What is Ikebana?
Masako’s Ikebana classes will finish at the end of February because our space on Saturdays won’t be available due to our other activities. If you are interested in continuing classes with Masako, please contact her at Ryuseiha.email@example.com
Please check back here for future updates.
We look forward to seeing you again in the near future.
The RESOBOX Team
We welcome all experience levels to this class in New York City. Ikebana is the Japanese art of flower arrangement, also Known KADO (the way of flowers)
“Ikebana” is from the Japanese IKERU (“keep alive, arrange flowers, living”) and HANA (“flower”). Possible translations include “giving life to flowers” and “arranging flowers”.
The Ryusei-ha School was founded in 1886 by Yoshimura Kaun and the present fourth head master is Yoshimura Kasyu (吉村 華州).
The Ryusei-ha School has maintained a continuous tradition of teaching ikebana for over a century. You begin studying with the Ryusei-ha School of Ikebana. We will start with arrangements in the free style. The textbook, contains introductory (Nyumon) and Elementary (Shoden) courses.
The Free Style of Ikebana: Giving Free Rein to Individuality
Free style ikebana is ikebana which gives rein to the free sensibility of our modern daily lives. The ikebana you create will be a style of your own, the light, relaxed style of contemporary living, free from the constraints of convention but true to your own personal lifestyle.
Since the free style takes its inspiration from this sensibility, there are no set rules. The ikebana comes into being in a dialogue between the natural plants and your individual personality.
However, it is surprisingly hard to work without set rules. If people are handed a few flowers and told “Arrange these any way you like,” they often do not know where to start or what to do next. No doubt that is way you came to the Ryusei-ha School in the first place to learn a particular method. What’s more, people do not always know exactly what they like.
The Unique Curriculum of the Ryusei-ha School: The Basic Styles
To overcome these difficulties, in the basic Free Style courses the Ryusei-ha School has established units which we call the basic styles and their variations. By the time you have completed these courses, you will be trained in the essentials of the Free Style. The techniques you will learn for stabilizing materials on the Kenzan, deciding the direction of branches and flowers, capturing their expressions, and creating spaces with them will lay the foundation for the many years of ikebana that lie ahead of you.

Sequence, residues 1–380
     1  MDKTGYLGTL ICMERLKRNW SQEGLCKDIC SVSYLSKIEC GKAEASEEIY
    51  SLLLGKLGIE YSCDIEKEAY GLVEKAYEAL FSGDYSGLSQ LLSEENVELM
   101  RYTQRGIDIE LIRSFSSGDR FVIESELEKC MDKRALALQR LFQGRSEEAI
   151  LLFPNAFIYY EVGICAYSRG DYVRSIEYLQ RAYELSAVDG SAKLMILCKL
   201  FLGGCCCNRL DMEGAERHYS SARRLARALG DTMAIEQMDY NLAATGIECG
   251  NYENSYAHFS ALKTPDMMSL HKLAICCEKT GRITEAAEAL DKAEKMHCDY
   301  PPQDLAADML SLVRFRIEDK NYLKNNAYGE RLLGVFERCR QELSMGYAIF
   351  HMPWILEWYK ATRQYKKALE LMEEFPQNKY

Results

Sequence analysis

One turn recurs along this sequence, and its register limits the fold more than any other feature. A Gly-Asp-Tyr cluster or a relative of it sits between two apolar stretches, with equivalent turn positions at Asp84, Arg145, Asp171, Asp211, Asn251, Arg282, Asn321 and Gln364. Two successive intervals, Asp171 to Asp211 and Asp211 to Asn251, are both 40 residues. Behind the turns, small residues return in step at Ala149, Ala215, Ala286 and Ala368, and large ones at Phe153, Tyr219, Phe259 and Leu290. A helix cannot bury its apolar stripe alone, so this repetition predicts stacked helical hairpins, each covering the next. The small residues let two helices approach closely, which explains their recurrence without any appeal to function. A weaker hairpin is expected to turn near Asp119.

The Ryusei-ha School, with well over a hundred years of teaching experience to draw on, has designed its own unique curriculum from the viewpoint of the beginner, who wants to know how he or she can learn both accurately and quickly.
Students must be at least 13 years old to attend this class. We will not be accepting children 12 years and under.
**PLEASE NOTE: The class sign up deadline is at midnight the Thursday before the class begins. Cancellation after this period will NOT be refunded and the material fee of $8 – $12 will be charged as well.**
First Grade Head Course Instructor of Ryusei Flower Arrangement
Masako Gibeault was born and raised in Tokyo, Japan and started to study Ryusei-ha School of Ikebana when she was 18 years old. She received the Master Degree of Free Style when she was 21 years old. Ryusei-ha School had become independent from Ikenobo School, the oldest ikebana school, 130 years ago. It was founded by Yoshimura Kaun, and known as their traditional style, Rikka and Seika, later on they added modern free style of ikebana by his successor, Kakyu Yoshimura. Yoshimura Kasyu, the current headmaster, is the fourth generation ikebana master in the family.
She was very active in participating at many ikebana exhibits in Japan. She moved into New York City in 1998, later she relocated to Vermont and lived there for 12 years. She taught Ikebana for Fine Art Class at Green Mountain College in Vermont in 2010. She held many ikebana workshops and exhibitions to the communities in Vermont for introducing as the Traditional Art of Japan.
Currently she lives in NYC and a member of Ikebana International New York Chapter. She serves as one of the board members. Her arrangements have been seen at The Metropolitan Museum, Tenri Gallery, Ikebana International Flower Shows and other venues. She had Demonstration at The Metropolitan Museum March 25th 2015.